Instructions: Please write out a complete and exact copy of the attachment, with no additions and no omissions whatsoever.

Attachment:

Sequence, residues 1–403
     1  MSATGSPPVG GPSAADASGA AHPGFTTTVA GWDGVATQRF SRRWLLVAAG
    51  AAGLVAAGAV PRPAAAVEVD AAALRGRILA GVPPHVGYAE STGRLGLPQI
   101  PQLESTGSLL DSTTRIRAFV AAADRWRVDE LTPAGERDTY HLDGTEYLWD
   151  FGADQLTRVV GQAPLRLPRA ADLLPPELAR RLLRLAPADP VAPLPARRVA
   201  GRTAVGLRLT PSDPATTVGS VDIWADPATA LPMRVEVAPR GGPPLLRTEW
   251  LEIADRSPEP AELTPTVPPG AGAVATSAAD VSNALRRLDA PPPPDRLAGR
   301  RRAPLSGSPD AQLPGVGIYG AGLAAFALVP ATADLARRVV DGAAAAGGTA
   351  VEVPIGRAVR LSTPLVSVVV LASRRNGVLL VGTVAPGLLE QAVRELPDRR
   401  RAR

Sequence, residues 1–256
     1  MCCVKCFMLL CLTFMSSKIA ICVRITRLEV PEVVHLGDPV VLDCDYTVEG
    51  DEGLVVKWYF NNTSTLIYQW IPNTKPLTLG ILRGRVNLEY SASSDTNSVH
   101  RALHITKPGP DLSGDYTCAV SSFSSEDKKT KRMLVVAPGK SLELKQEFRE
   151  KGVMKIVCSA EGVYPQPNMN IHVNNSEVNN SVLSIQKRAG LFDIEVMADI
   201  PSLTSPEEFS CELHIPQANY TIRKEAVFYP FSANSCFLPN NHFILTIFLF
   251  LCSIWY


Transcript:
Sequence, residues 1–403
     1  MSATGSPPVG GPSAADASGA AHPGFTTTVA GWDGVATQRF SRRWLLVAAG
    51  AAGLVAAGAV PRPAAAVEVD AAALRGRILA GVPPHVGYAE STGRLGLPQI
   101  PQLESTGSLL DSTTRIRAFV AAADRWRVDE LTPAGERDTY HLDGTEYLWD
   151  FGADQLTRVV GQAPLRLPRA ADLLPPELAR RLLRLAPADP VAPLPARRVA
   201  GRTAVGLRLT PSDPATTVGS VDIWADPATA LPMRVEVAPR GGPPLLRTEW
   251  LEIADRSPEP AELTPTVPPG AGAVATSAAD VSNALRRLDA PPPPDRLAGR
   301  RRAPLSGSPD AQLPGVGIYG AGLAAFALVP ATADLARRVV DGAAAAGGTA
   351  VEVPIGRAVR LSTPLVSVVV LASRRNGVLL VGTVAPGLLE QAVRELPDRR
   401  RAR

Sequence, residues 1–256
     1  MCCVKCFMLL CLTFMSSKIA ICVRITRLEV PEVVHLGDPV VLDCDYTVEG
    51  DEGLVVKWYF NNTSTLIYQW IPNTKPLTLG ILRGRVNLEY SASSDTNSVH
   101  RALHITKPGP DLSGDYTCAV SSFSSEDKKT KRMLVVAPGK SLELKQEFRE
   151  KGVMKIVCSA EGVYPQPNMN IHVNNSEVNN SVLSIQKRAG LFDIEVMADI
   201  PSLTSPEEFS CELHIPQANY TIRKEAVFYP FSANSCFLPN NHFILTIFLF
   251  LCSIWY